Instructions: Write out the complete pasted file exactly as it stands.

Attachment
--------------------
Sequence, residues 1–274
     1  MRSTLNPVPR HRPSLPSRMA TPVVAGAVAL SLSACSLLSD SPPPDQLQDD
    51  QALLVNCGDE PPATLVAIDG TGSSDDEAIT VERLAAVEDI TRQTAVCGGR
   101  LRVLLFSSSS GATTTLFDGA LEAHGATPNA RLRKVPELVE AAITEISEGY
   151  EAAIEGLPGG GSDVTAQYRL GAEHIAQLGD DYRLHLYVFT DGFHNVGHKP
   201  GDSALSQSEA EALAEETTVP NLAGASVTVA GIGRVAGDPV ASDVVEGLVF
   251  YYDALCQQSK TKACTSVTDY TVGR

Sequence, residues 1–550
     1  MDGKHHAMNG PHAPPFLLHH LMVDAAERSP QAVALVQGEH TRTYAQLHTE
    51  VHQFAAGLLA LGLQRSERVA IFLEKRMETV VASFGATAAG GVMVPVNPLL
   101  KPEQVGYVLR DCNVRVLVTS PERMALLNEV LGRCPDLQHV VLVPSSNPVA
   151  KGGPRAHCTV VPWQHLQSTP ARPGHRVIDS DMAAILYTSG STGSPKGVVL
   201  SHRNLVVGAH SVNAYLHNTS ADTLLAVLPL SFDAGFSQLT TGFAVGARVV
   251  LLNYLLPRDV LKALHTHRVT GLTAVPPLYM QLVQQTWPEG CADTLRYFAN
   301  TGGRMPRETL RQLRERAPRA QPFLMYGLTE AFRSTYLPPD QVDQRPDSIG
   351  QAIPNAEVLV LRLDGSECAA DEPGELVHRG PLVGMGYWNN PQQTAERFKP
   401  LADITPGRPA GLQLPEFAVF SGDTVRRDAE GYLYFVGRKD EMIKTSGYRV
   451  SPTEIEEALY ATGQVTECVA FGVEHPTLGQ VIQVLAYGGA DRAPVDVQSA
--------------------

Sequence, residues 1–274
     1  MRSTLNPVPR HRPSLPSRMA TPVVAGAVAL SLSACSLLSD SPPPDQLQDD
    51  QALLVNCGDE PPATLVAIDG TGSSDDEAIT VERLAAVEDI TRQTAVCGGR
   101  LRVLLFSSSS GATTTLFDGA LEAHGATPNA RLRKVPELVE AAITEISEGY
   151  EAAIEGLPGG GSDVTAQYRL GAEHIAQLGD DYRLHLYVFT DGFHNVGHKP
   201  GDSALSQSEA EALAEETTVP NLAGASVTVA GIGRVAGDPV ASDVVEGLVF
   251  YYDALCQQSK TKACTSVTDY TVGR

Sequence, residues 1–550
     1  MDGKHHAMNG PHAPPFLLHH LMVDAAERSP QAVALVQGEH TRTYAQLHTE
    51  VHQFAAGLLA LGLQRSERVA IFLEKRMETV VASFGATAAG GVMVPVNPLL
   101  KPEQVGYVLR DCNVRVLVTS PERMALLNEV LGRCPDLQHV VLVPSSNPVA
   151  KGGPRAHCTV VPWQHLQSTP ARPGHRVIDS DMAAILYTSG STGSPKGVVL
   201  SHRNLVVGAH SVNAYLHNTS ADTLLAVLPL SFDAGFSQLT TGFAVGARVV
   251  LLNYLLPRDV LKALHTHRVT GLTAVPPLYM QLVQQTWPEG CADTLRYFAN
   301  TGGRMPRETL RQLRERAPRA QPFLMYGLTE AFRSTYLPPD QVDQRPDSIG
   351  QAIPNAEVLV LRLDGSECAA DEPGELVHRG PLVGMGYWNN PQQTAERFKP
   401  LADITPGRPA GLQLPEFAVF SGDTVRRDAE GYLYFVGRKD EMIKTSGYRV
   451  SPTEIEEALY ATGQVTECVA FGVEHPTLGQ VIQVLAYGGA DRAPVDVQSA